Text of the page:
In Australia, we have mates, and a favorite pastime is to prank our mates and laugh at them. Laugh at their mistakes and at their failures. In fact, the closer the mate, the more you laugh at them.
It’s seen as a way of accepting male friendship in a society where physical touch between males is seen as homosexual.
But what is making fun with the closer men doing to the men involved and our wider society?
Television shows like The Simpsons, Married with Children, The Office, and many more, specialize in setting up men for failure and comedy. The media is building an image of men being weak, clueless and lost. Out of touch with modern society. Is this the image that we want our sons to grow up with, that they are weak and clueless, the butt of every joke?
There is a theory that whatever we throw at men, it will be all right at the end of the day. After all, men are generally stronger, earn more, and have more respected jobs. However, in an emotionally intelligent age, are we not seeking more from men? Are we not after them being in touch with their emotions?
Men have been taught from a young age not to experience the feminine emotions, or to cry or feel pain. Yet the vulnerability of men, their ability to express the emotions, is one of the characteristics that women seek in a partner.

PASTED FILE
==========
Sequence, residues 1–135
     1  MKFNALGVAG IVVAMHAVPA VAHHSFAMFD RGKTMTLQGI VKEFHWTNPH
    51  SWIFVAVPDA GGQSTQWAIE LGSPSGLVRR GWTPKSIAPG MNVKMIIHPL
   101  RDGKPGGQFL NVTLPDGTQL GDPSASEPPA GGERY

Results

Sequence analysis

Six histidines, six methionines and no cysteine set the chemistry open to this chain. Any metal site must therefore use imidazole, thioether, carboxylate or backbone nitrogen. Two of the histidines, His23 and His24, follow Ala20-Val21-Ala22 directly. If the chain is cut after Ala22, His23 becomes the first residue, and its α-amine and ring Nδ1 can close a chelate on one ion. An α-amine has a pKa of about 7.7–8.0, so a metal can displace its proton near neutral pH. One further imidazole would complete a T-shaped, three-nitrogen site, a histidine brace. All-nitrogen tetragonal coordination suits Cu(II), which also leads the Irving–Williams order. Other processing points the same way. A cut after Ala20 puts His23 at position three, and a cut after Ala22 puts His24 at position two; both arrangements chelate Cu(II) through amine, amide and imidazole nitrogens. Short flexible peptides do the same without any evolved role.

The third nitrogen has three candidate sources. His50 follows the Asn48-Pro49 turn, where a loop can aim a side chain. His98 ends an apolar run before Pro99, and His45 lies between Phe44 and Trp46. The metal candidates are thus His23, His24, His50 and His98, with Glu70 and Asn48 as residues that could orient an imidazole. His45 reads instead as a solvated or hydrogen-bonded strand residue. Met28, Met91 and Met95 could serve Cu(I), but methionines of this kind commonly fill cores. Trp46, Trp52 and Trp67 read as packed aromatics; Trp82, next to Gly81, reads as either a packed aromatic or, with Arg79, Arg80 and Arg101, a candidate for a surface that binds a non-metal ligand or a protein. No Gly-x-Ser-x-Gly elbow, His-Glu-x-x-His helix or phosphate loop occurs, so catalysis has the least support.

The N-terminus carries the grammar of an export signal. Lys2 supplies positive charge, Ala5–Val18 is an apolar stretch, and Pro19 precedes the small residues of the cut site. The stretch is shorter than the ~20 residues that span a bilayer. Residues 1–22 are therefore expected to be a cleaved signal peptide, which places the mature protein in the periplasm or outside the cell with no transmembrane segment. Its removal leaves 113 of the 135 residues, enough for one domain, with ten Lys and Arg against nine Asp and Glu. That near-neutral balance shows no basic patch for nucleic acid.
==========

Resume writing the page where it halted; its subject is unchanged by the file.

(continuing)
In the western world, we are now experiencing the results of these complexities. Young male suicide is at extreme heights and increasing, with depression, frequently from loneliness and a lack of self-image being major identifies of the cause.
Substance abuse, whether it is in the form of alcohol or other forms of drugs is increasing. This is resulting in violent actions being carried out on friends, family, and complete strangers. Research is telling us that the factors behind the substance abuse is often trying to find identity or their masculinity.
Our society, in its search for humor, has taken away the image and masculinity of a man and replaced it with a joke. In the same we, we express love and friendship through teasing and humiliation, often when young men are at their most vulnerable.
Research has highlighted that this results in young men, having fewer close friends, and not feeling able to reach out for support in times of needs.
It is time for boys and men to be treated with respect and dignity. Men need to find other ways of expressing their friendship and love for one another, than in putting down, teasing and verbal abuse.
It is time for the hidden emotions that men carry to be released.
This is not to say that the excellent work that has been done in empowering women should be ceased. I am arguing that there is a role for men to be supported and encouraged, alongside women.
A change in the way we treat men can have ongoing effects in society as well. With a better self-image and self-esteem, men may become less dependent on substances to make them feel good, less violent, which could result in better relationships in the household, less divorce, and a positive future for all society.
A change in society always starts with one person, one idea, and spreads. It’s time to start spreading the idea, that men are to be valued too.
Photo: Getty Images